I think that a lot of people forget that Omega has got this really rich horticulture. They studied submarines and they said, I wonder what keeps them from drowning. And they’re like – Oh, check it out. It’s all this, rubber O ring stuff.
– David Zaritsky
The Omega Man
I speak to David Zaritsky from The Bond Experience about his love affair with Omega. David has a few Omega watches in his collection (amongst other brands) from the Bond films. We get to hear about his passion, his personal preferences and some great stories from Omega’s past that not many people know about.
About Omega’s entry to the Bond franchise David says:
They [Omega] did pay to be a part of the Bond films. 1995; GoldenEye saw the quartz version of an Omega watch, and that was not by accident, they paid money and they continue to pay money.
What people tend to forget is Omega have an amazing military background. They started in 1848. In many cases they pre-date Rolex. When people think of Omega outside of Bond they think of the Speedmaster which is the moon landing watch. Thats truly what made them famous but the Seamaster is more prestigious.
Further chat with David
PB – What do you think to people like Jonathan Sothcott saying that there are no comparisons to Omega and Rolex?
DZ – There’s nothing like a Rolex, for holding its value. And he’s absolutely right. Today, you have to go on a waiting list, you cannot today walk in and get the Rolex of your choice. You’ve got to go on a waiting list, you’ve got to get preference, all these things. So the rarity there, they’re buying model is so unique, they they’ve done they’ve done it. An Omega is a little bit easier to obtain, it has nothing to do with costs. There are some Omega watches that retain their value. And then some, for example, that the Spectre one is insane.
Now I wear my watches. So I don’t purchase any of these for an investment. I do know a friend of mine that purchased two, he kept one and he sold the other, and made a $4,000 profit.
PB – What about the No Time to Die watch as an investment piece?
DZ – It’s not a limited edition of 7000 or 4000. So I think you could always get one if you want one. So that value is not going to skyrocket. It may retain, but you’ve got to have all types of things you need to do with that watch. For example, you can’t even really pick it up. You can’t take off the stickers, you can’t put it on your wrist. Second, you put it on your wrist, it goes down a certain percentage, there’s all these rules of investment.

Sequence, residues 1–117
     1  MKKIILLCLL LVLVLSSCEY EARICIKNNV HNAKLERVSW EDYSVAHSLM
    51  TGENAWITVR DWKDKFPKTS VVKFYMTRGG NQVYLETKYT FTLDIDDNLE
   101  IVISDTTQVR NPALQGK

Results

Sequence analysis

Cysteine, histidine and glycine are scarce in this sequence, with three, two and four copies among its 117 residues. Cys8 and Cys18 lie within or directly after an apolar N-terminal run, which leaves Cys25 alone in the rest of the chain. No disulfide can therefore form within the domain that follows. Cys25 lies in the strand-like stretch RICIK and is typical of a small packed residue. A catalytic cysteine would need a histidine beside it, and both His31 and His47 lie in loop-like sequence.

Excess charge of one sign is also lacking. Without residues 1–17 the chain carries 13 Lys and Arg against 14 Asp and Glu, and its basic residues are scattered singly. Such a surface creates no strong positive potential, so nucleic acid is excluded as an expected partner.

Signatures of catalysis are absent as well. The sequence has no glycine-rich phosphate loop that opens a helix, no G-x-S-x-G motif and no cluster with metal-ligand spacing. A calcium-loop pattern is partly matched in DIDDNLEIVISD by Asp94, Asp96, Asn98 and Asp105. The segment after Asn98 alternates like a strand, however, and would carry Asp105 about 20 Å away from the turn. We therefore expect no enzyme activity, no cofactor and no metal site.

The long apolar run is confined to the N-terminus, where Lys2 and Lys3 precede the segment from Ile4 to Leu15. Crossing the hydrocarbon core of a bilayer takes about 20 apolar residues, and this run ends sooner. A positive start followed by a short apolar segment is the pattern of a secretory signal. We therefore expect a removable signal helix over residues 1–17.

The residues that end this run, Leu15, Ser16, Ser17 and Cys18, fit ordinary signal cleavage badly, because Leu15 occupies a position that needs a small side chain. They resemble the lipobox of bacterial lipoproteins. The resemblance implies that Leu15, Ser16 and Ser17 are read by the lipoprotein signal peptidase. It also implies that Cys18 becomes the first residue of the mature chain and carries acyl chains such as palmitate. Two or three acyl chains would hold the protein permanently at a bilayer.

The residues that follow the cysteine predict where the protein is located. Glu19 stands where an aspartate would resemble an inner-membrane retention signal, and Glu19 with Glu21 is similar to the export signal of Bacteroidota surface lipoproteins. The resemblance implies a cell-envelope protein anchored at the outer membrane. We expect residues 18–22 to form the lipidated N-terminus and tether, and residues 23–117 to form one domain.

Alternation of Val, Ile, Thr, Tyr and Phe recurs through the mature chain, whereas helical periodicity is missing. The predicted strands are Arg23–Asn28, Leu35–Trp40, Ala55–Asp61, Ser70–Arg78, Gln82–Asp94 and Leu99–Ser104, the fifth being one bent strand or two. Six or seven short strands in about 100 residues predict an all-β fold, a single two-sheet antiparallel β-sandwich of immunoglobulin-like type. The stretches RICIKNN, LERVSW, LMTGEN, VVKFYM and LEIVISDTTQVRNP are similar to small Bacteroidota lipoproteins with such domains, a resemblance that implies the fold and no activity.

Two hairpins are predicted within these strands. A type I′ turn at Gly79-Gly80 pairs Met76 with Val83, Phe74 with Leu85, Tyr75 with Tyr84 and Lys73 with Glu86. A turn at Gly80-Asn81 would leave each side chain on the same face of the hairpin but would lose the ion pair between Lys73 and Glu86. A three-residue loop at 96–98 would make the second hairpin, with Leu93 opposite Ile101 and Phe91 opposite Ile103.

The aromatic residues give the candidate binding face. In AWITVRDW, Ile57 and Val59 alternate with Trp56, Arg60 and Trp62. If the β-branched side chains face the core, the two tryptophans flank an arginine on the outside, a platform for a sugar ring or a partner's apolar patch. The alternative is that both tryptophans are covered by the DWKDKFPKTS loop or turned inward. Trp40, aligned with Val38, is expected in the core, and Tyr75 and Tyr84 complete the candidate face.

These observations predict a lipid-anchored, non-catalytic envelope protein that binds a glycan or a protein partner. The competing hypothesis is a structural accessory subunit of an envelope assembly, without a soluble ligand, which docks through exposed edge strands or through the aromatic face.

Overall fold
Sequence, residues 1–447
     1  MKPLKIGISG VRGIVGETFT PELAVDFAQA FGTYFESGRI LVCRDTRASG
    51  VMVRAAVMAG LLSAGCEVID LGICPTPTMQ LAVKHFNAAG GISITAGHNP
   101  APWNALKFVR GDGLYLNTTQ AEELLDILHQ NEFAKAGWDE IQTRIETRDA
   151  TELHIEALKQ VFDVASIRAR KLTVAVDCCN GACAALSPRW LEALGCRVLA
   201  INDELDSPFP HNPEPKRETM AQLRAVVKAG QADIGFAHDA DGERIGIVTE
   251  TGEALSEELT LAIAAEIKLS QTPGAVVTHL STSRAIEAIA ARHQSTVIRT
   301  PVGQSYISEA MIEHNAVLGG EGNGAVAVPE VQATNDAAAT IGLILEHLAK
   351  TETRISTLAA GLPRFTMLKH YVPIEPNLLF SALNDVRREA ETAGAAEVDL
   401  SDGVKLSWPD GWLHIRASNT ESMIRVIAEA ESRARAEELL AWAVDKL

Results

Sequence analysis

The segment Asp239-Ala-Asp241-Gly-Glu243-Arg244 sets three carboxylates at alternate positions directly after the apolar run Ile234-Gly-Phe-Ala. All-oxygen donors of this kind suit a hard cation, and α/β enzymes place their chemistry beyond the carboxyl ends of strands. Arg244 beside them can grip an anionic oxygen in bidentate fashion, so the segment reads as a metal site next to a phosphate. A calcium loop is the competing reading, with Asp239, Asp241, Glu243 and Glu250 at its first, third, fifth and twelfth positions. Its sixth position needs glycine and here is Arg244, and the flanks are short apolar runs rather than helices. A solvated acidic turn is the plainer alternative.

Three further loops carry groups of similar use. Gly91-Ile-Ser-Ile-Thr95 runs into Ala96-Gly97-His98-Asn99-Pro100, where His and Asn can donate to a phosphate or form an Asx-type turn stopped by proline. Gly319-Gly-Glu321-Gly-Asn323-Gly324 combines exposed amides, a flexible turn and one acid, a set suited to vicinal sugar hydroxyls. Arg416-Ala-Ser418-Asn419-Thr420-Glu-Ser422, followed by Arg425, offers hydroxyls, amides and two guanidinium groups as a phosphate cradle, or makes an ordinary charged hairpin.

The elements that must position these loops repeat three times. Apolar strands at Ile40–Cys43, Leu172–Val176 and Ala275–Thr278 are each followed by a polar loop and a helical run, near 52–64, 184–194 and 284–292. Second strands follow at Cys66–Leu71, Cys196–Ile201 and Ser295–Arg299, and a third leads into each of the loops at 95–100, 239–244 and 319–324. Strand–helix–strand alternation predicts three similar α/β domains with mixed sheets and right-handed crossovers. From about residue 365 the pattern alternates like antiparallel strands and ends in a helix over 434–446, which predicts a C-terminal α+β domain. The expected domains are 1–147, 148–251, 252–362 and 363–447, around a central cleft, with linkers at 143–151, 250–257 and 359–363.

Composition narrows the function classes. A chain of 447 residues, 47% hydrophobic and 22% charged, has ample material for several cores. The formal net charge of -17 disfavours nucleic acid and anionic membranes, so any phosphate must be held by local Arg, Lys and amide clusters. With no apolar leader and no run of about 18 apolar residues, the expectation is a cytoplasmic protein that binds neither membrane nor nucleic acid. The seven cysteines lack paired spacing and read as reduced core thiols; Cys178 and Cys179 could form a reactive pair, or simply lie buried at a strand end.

To me, it’s it’s too much responsibility. It deflates some of the fun of it. Right?
And then I have the added pressure of telling Danielle, I’m getting two watches now, ‘Now hold on honey, because one of them’s gonna be for sale.’ And then literally the ticking time thing of – ‘well, when are you going to sell it? Is today the day?’
PB – What’s the most valuable watch in your collection?
DZ – I mean, I get a lot of questions around – What’s, what’s your most expensive bond collectible? Right? You know, what’s the one that’s worth the most money? What’s the one that’s worth the most to you emotionally? I’ll tell you I’m not a monster watch guy. I mean, I have I’m looking around my collection right now, I have real watches strewn in my collection. And then upstairs in my bedroom, I have the three watches I wear the most. And outside of that. That’s it and my Spectre one is probably the most expensive next to the Rolex one that Danielle wears, that’s definitely the most expensive that would fetch the highest price right now.
Listen to the podcast
Rolex patented the Oyster case in 1926, and in 1927 it was successfully used for 10 hours as Mercedes Gleitze attempted to swim across the English Channel. The Omega Marine became the first industrially manufactured for commercial production dive watch in 1932. The Seamaster is not more prestigious than the Speedmaster.
In terms of watches, the movement is a large part of its prestige. The original Omega 321, 861, and 1861 movements found in Speedmasters hold a greater horological importance than either the ETA or Quartz movements found in many Seamasters over the years. Quartz is battery operated and ETA movements are generically made movements found in many brands – meaning not prestigious.
Also, Omega has a problem with releasing too many limited editions of watches which devalues the brand in my opinion.
Quick gripe, the No Time To Die watch has a faux patina that looks like water got in and damaged the watch, not a feature you’d want on a diver! I also would never wear either a rubber or Nato strap with a tux, they are too sporty for the formality of a tuxedo.
Maybe wear it on a bracelet or a nice leather strap, but who would ever dive with a leather strap? Also please stop calling it OMEEGA, it’s Omega. Just because someone can afford expensive watches, it doesn’t mean they actually know anything about them and what makes them special. – mattsojourner03 (On YouTube).
Next on my reading list will be the A Moon Watch Story: The Extraordinary Destiny of the Omega Speedmaster by (collective).